The ECHO Program has structured its focus areas based on three threat categories, and advances projects in each category aimed at informing the development of measures to reduce threats to whales:
- acoustic disturbance – Whales use sound to find their food, mate, communicate, and avoid danger. Vessel activity increases underwater noise and can impact these function.
- physical disturbance – Vessel traffic has the potential to impact whales through ship collections or by altering their normal behaviour and movement.
- environmental contaminants – Contaminants can accumulate in a whale body, potentially impacting reproduction, development, and immune system functions.
The availability of prey, in particular Chinook salmon, for southern resident killer whales is critical to the species survival. Although the ECHO Program focus is on the effects of shipping and port activities, the importance of fish habitat supporting prey availability for whales is acknowledged. Our habitat enhancement program is focused on creating and enhancing fish and wildlife habitat, which may help address this threat to at-risk whales.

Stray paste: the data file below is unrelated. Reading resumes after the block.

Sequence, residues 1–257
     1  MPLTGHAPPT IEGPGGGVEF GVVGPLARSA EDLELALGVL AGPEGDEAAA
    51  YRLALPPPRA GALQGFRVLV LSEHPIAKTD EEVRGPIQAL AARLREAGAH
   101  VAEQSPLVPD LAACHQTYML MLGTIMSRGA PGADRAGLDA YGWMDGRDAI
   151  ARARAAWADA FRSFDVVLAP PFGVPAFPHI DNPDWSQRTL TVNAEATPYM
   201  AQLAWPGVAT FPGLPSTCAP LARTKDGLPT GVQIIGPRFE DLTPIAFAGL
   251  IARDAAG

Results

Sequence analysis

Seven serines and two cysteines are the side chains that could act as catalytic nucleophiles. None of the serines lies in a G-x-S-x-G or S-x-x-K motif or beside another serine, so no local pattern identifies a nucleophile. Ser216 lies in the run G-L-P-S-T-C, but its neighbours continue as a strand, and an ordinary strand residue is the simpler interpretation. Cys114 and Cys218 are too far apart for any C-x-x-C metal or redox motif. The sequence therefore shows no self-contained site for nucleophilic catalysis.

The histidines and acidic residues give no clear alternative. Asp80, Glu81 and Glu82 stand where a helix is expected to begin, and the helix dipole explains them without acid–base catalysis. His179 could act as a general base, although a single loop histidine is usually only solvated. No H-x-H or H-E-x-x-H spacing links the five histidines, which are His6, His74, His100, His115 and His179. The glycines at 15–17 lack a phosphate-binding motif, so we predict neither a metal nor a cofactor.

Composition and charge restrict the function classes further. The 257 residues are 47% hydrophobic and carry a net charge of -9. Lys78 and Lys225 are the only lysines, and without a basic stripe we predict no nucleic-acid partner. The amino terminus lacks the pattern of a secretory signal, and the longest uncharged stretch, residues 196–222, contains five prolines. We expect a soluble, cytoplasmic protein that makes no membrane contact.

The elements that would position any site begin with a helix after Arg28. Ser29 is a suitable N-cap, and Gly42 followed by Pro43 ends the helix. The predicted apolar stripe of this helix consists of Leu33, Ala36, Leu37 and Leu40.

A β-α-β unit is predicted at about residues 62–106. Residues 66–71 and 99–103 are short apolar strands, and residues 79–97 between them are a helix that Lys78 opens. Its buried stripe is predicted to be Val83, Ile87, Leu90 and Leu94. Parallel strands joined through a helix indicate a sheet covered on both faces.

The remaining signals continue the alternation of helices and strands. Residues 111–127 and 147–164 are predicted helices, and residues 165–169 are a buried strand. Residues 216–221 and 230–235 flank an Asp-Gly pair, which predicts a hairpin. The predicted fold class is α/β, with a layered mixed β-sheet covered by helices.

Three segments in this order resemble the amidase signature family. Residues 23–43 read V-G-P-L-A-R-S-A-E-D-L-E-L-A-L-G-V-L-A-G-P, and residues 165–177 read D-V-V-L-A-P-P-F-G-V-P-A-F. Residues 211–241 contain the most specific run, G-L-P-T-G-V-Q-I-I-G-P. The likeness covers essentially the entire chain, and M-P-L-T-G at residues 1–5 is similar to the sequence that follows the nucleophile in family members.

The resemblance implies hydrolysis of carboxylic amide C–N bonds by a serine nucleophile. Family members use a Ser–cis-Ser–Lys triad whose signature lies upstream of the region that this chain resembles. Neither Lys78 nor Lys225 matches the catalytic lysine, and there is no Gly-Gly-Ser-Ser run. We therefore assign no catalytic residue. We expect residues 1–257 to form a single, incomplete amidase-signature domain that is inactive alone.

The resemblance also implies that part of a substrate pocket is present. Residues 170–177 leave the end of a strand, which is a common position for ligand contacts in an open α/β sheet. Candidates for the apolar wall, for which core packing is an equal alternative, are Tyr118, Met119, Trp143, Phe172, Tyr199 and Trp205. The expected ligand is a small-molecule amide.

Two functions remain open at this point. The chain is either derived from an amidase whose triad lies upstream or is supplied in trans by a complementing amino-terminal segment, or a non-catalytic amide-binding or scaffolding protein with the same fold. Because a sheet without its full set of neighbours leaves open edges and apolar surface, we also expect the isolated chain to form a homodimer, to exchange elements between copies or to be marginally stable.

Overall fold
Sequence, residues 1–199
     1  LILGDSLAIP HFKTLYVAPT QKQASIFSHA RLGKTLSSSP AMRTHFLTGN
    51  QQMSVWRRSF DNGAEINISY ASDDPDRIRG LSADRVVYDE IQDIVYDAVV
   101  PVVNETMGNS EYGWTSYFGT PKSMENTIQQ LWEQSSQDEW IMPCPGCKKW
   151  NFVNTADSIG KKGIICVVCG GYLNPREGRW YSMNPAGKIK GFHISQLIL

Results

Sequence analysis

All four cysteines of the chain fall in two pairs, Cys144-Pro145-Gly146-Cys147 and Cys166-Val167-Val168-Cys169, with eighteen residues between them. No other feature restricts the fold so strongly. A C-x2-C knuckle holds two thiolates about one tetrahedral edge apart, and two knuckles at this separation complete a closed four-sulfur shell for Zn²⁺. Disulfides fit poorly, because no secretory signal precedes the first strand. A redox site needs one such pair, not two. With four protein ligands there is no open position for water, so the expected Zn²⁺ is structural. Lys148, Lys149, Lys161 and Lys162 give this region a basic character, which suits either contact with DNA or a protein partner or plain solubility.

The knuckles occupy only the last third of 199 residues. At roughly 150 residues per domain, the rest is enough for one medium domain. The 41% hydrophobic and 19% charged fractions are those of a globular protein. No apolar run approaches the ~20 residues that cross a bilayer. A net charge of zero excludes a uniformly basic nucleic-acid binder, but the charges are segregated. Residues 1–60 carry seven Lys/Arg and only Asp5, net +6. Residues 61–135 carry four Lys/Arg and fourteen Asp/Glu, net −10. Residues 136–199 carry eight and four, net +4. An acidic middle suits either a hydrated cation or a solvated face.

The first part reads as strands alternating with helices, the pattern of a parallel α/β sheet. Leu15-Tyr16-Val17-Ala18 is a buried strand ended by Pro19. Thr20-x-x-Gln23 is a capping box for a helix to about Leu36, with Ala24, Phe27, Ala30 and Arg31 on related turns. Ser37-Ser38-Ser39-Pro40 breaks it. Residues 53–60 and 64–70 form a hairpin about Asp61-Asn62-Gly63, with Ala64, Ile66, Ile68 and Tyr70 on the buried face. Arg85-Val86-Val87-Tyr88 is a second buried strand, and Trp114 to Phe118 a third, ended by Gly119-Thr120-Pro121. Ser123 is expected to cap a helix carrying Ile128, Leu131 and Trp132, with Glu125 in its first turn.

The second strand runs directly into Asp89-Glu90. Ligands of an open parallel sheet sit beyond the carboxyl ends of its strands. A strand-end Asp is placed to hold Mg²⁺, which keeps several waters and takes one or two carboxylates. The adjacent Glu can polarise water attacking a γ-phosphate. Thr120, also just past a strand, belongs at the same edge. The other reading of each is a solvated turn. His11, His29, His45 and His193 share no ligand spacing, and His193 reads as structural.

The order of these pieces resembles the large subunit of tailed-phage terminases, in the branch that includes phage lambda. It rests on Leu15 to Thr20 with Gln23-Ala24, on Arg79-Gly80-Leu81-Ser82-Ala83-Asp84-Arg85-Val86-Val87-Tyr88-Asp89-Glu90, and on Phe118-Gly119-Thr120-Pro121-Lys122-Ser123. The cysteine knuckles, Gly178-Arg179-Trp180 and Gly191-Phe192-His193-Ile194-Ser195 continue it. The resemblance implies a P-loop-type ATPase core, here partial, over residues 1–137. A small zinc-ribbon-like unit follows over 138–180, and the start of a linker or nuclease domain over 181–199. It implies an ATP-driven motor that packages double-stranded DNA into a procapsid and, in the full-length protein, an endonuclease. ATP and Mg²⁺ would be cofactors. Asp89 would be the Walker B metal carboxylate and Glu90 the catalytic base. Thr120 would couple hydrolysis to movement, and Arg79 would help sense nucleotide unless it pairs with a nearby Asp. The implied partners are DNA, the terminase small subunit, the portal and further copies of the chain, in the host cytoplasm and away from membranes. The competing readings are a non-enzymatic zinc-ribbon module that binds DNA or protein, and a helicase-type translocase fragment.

Acoustic disturbance (underwater noise)
The Fisheries and Oceans Canada Recovery Strategy for killer whales identifies disturbance, including underwater noise, as one of the current threats impacting killer whales in British Columbia. Whales use sound to navigate, communicate, and locate prey. The recovery strategy also suggests that increased vessel traffic is responsible for the increase in ambient noise levels detected over the last 100 years. For this reason, underwater noise is a priority study area the ECHO Program is addressing.